Digital Archive brought to you
by JPMorgan Chase & Co.
This column by Dr. King in the New York Amsterdam News highlights Dr. C.O. Simpkins, leader of the United Christian Movement. Following cross burnings on his front lawn, death threats, and other harassment, both his home and summer house were bombed. The arsonists returned again the next day to ensure the complete destruction of both buildings.
This is a collection of responses from sixth graders of average ability in a Wisconsin school. Although the instructions are not provided, it seems evident that the students were tasked to paraphrase the passage or, simply tell what the passage meant to them.
Peggy Duff writes Dr. King on behalf of The Campaign for Disarmament in West Germany to request a meeting with him while he is London. Ms. Duff references an earlier meeting with Dr. King in which he mentioned a projected trip to Europe in order to receive an Honorary Degree at Newcastle University. She informs him that the organization is interested in having him speak at a meeting on the war in Vietnam.
Dr. King is invited by A. Philip Randolph to attend a birthday party for well known Presbyterian minister, socialist and pacifist Norman Thomas. Randolph requests that Dr. King participate as a sponsor for Thomas' birthday celebration.
In May 1967 Dr. King sends a telegram to Dr. Spock (an American pediatrician whose book Baby and Child Care, published in 1946, is one of the biggest best-sellers of all time) while he is in Geneva to praise him on taking a stance on controversial issues.
Dr. King informs the press that he is articulating plans with the SCLC to launch a campaign to prepare the Negro community for the 1958 election. Dr. King appeals to Vice President Richard Nixon to perform three duties to aid the practice of justice and freedom in the United States. The first of the three involves personal appearances of Nixon to speak to the people of the South about civil rights. The second duty asserts Nixon's initiation of the United States Constitution to support the Negro's voting rights.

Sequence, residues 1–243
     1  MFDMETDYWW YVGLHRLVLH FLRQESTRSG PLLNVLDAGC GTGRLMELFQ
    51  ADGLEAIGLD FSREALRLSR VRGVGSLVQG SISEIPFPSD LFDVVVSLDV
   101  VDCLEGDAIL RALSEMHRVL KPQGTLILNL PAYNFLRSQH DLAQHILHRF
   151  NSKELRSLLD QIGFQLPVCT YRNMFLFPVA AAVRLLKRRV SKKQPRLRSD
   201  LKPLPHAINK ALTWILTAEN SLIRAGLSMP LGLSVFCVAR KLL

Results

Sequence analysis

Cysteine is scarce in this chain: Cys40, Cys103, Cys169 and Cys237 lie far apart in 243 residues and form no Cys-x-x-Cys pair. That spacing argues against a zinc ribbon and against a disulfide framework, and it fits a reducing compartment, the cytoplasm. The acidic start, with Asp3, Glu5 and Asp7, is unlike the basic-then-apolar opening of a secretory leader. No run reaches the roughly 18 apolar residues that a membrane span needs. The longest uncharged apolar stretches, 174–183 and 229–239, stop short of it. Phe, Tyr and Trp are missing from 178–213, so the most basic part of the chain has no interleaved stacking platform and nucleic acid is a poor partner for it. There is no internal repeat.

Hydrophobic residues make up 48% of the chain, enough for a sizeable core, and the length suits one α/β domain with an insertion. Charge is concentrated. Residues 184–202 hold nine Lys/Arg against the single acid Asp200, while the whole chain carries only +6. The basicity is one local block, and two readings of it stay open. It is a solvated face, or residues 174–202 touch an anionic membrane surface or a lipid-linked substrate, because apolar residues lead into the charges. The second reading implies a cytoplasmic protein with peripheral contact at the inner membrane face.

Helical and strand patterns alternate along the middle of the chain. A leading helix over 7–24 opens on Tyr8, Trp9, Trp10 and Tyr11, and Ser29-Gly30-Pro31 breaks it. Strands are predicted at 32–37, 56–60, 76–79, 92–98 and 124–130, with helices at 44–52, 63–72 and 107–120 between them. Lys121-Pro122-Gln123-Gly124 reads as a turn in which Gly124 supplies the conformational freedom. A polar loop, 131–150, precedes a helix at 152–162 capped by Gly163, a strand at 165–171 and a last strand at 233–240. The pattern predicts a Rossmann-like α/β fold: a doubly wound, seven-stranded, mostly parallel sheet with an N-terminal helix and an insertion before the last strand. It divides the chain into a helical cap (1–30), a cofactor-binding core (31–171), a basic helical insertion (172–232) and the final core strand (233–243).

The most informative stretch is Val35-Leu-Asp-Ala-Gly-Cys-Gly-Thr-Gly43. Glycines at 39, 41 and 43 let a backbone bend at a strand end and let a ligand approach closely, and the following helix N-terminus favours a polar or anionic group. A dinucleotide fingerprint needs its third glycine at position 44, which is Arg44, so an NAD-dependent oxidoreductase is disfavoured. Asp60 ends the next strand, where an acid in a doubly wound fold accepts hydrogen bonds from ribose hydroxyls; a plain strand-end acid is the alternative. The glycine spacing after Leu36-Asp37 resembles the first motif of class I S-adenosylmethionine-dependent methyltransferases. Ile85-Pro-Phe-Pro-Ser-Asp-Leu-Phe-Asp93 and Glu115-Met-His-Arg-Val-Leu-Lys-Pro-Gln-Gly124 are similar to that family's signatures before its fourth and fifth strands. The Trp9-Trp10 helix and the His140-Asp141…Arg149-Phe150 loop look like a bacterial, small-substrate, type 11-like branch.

Melvin Brisk, President of Quadrangle Books, requests that Dr. King read Clarence Darrow's book "Verdicts Out of Court." Brisk acknowledges Dr. King's limited time schedule and urges him to pursue a meeting with Darrow to discuss his publication.
In a speech to the Hungry Club at the Atlanta YMCA, Rev. Andrew Young, Executive Director of the SCLC, asserts that the American economy is a system of "socialism for the rich and free enterprise for the poor," a contest between the "haves and have-nots." He claims that the space program and the Vietnam War are threats to domestic poverty programs.
In this correspondence to Mr. Melvin Arnold, Miss Dora McDonald, at the request of Dr. King, informed Mr. Arnold that Dr. King was still working on his sermons for publication. She also stated that Dr. King had a meeting later that afternoon on December 12, 1962 and would like to scheduled a meeting with Rev. Wallis for earlier that day.